Abstract: This article reviews the contemporary shift to active audience research among European and other media scholars, following the influential work of those such as Ien Ang and David Morley. It proceeds to examine the comparatively underdeveloped state of Canadian research about media audiences, and the variety of incentives to develop such research here. The distance between academic and industry research in Canada is discussed, and possible explanations of the gap in our academic knowledge of Canadian audiences are offered. Finally, the article considers possible means to approach the meaningful study of the media reception process within Canadian households. In the end, it is argued that the work of Ang, Morley, and others offers fruitful prospects for the understanding of media interpretation here.
Résumé: Cet article examine l'intérêt contemporain parmi les chercheurs d'Europe et ailleurs pour les recherches sur la réception active, à l'exemple de recherches influentes menées par des chercheurs comme Ien Ang et David Morley. L'article examine ensuite l'état comparativement sous-développé de la recherche canadienne sur les publics médiatiques, et les diverses raisons pour développer de telles recherches ici. Il discute de l'écart entre recherche académique et industrielle, et offre des explications possibles pour le retard dans notre connaissance académique d'auditoires canadiens. Enfin, l'article considère des moyens possibles pour entreprendre une étude significative sur la réception des médias dans les ménages canadiens. À la fin, il soutient que les travaux d'Ang, Morley et autres offrent des modèles prometteurs pour comprendre comment on interprète les médias au Canada.
The best means to understand television audiences was most clearly and succinctly expressed by Fiske (1987) in his simple pronouncement in Television Culture: "[T]he television audience is composed of a wide variety of groups and is not a homogeneous mass . . . these groups actively read television in order to produce from it meanings that connect with their social experience" (p. 84). It follows from Fiske's fundamental principles that any concept of or even reference to "the audience" must be abandoned in favour of a more sensible conceptualization according to which audiences must always be understood in the plural. The road to this pragmatic and realistic view, however, has been a long and circuitous one along which reception research has proceeded through a successive series of powerfully influential paradigms, from classical American "effects" research and the "uses and gratifications" model to the more contemporary "cultural turn" which traces its influences to the very significant school of British cultural studies. Until the early 1960s, for example, American "effects" research largely pursued what Jeffrey (1994) has described as a consumer/market orientation whereby Lazarsfeld's influence steered the field along a singular course: the empirical study of media effects in which audiences were narrowly conceptualized as individuals who quite incidentally lived in social environments.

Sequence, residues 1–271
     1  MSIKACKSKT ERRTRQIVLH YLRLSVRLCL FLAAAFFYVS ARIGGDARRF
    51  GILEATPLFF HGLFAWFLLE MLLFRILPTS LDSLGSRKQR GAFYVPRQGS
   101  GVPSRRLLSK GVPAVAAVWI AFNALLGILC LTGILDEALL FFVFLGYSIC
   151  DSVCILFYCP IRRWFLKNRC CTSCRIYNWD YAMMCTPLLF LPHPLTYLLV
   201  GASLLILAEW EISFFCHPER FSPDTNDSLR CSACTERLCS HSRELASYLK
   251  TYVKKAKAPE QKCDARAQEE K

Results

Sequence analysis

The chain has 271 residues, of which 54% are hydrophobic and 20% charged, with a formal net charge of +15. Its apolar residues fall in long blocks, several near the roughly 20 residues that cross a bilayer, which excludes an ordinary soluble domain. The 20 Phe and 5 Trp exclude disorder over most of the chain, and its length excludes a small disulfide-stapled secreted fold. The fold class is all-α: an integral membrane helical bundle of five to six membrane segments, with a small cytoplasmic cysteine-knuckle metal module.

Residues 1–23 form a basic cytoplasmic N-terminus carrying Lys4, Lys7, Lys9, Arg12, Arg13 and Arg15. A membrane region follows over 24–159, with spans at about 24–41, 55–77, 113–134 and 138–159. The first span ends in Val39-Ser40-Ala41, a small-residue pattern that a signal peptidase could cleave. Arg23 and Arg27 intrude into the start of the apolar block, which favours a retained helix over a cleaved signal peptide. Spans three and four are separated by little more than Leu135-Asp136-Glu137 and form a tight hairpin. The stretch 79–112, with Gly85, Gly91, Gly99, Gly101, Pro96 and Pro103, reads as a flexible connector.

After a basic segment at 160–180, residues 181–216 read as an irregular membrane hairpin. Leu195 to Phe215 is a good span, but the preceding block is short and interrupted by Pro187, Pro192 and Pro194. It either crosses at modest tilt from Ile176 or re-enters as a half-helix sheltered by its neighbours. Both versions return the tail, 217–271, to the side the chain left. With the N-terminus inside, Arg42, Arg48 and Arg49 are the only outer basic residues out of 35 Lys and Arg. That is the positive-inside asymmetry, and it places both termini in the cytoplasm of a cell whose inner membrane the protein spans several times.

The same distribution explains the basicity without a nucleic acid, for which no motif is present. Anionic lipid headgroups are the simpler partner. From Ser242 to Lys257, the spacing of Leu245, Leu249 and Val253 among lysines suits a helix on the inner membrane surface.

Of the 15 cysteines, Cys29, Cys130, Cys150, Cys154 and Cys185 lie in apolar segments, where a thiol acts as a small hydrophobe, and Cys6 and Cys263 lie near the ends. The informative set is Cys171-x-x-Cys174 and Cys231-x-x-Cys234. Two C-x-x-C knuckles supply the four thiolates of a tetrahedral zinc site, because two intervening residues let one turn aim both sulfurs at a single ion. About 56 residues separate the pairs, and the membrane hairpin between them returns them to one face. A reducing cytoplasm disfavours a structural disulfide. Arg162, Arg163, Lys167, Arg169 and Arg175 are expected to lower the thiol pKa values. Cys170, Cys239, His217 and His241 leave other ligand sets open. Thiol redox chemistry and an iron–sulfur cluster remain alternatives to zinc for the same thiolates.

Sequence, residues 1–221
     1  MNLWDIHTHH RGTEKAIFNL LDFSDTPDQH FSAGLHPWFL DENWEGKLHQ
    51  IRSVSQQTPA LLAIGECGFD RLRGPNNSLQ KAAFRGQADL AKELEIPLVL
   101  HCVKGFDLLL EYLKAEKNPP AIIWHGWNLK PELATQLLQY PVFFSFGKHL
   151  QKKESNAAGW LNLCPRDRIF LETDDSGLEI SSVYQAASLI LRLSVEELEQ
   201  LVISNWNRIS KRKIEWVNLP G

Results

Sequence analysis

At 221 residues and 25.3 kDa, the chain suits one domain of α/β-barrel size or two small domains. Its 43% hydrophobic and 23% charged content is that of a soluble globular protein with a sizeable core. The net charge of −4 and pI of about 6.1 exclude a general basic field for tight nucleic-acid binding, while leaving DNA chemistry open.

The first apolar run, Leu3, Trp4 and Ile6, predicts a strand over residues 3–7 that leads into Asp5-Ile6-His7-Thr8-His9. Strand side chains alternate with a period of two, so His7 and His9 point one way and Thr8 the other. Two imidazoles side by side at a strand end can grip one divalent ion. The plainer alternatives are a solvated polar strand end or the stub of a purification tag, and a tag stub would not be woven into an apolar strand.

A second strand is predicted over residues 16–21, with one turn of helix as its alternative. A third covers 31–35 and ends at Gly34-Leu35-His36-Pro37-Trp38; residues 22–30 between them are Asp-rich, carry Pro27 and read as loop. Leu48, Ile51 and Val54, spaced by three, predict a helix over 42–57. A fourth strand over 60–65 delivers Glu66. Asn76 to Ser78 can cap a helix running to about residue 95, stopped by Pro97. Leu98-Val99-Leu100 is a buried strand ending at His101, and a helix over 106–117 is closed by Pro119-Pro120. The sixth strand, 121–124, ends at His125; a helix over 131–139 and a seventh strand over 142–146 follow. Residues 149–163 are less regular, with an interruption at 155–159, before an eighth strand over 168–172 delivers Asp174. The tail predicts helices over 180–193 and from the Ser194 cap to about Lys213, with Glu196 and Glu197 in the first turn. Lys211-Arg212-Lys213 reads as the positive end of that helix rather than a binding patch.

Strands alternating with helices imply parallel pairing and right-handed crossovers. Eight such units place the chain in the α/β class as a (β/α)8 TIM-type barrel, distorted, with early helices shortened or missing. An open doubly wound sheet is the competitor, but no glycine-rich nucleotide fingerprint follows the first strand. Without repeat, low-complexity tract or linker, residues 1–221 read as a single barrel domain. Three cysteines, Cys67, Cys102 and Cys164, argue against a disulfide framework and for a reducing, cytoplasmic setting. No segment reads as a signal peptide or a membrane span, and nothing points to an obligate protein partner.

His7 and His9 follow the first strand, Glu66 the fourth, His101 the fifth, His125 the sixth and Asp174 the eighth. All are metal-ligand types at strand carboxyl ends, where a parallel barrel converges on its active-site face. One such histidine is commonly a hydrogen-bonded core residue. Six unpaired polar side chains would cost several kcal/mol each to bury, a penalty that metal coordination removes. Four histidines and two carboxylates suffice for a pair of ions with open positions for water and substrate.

At a very early stage of his ethnographic work, Morley (1974) identified the important characteristics of audiences to be considered in any analysis, including social class, gender, age, ethnicity, and region of residence. Level of formal education was later found to be significant as well. All of these characteristics were seen to correspond with different audience groups and subgroups, and likewise with alternative cultural codes and meaning systems. At that very early juncture in the emergence of ethnographic audience research, he wrote: "[W]hat is needed is the development of a `cultural map' of the audience so that we can begin to see which classes, sections of classes and subgroups share which cultural codes and meaning systems, to what extent" (p. 12).
Together with the more contemporary work of Morley (e.g., 1980, 1986, 1992), Ang's work (e.g., 1985, 1991, 1996) has contributed very importantly to the continuing debate about how television audiences should, or should not, be investigated. In Desperately Seeking the Audience (1991), she made a powerful case for the necessity of the ethnographic approach. She claimed that our knowledge of audiences had been formed and shaped by what she called "the institutional point of view." This institutional point of view-the way in which industry and mainstream academic research were inclined to perceive audiences-had in fact prevented a true understanding. In Ang's view, only "a perspective that displays sensitivity to the everyday practices and experiences of actual audiences themselves" can supply any true insight into television viewers (see Ang, 1991).